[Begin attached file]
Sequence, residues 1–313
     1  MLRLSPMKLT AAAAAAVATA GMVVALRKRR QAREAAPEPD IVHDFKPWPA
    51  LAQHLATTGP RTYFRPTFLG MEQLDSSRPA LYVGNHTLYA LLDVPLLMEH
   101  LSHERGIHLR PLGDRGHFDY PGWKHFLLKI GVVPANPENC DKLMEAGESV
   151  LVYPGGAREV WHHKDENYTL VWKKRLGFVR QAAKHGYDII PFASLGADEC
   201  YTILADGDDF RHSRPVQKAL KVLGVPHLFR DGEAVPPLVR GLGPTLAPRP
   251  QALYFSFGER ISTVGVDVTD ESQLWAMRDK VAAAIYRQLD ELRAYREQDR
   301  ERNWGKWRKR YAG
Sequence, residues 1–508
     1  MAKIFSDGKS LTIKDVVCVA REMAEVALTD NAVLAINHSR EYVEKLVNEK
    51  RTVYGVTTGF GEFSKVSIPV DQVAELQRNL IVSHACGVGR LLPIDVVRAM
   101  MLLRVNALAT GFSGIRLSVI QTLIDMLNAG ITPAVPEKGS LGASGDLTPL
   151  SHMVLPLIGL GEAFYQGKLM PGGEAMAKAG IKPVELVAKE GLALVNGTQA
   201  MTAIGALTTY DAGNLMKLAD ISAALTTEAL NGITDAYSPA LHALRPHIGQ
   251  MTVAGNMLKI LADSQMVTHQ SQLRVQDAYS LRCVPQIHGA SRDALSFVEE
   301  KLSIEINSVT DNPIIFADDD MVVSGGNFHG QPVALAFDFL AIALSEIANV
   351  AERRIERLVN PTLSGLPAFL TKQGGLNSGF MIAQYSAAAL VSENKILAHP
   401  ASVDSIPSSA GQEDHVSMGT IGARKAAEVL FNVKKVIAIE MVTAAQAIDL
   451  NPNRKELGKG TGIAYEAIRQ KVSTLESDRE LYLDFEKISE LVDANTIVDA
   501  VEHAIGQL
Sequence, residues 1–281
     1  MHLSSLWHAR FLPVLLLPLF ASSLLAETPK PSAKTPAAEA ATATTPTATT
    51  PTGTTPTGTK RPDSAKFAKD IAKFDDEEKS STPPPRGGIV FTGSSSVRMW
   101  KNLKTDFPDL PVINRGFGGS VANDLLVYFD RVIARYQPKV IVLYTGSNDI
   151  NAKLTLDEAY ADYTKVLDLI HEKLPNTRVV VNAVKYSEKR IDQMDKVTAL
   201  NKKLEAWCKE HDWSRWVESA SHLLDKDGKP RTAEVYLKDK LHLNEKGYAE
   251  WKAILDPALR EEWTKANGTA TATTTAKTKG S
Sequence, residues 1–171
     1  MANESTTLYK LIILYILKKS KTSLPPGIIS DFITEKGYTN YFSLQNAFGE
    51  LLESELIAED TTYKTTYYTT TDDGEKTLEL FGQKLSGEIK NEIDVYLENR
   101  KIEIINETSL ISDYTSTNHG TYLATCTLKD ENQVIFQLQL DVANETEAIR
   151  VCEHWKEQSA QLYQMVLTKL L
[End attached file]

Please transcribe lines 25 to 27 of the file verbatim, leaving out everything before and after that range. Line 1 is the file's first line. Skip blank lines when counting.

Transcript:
   151  NAKLTLDEAY ADYTKVLDLI HEKLPNTRVV VNAVKYSEKR IDQMDKVTAL
   201  NKKLEAWCKE HDWSRWVESA SHLLDKDGKP RTAEVYLKDK LHLNEKGYAE
   251  WKAILDPALR EEWTKANGTA TATTTAKTKG S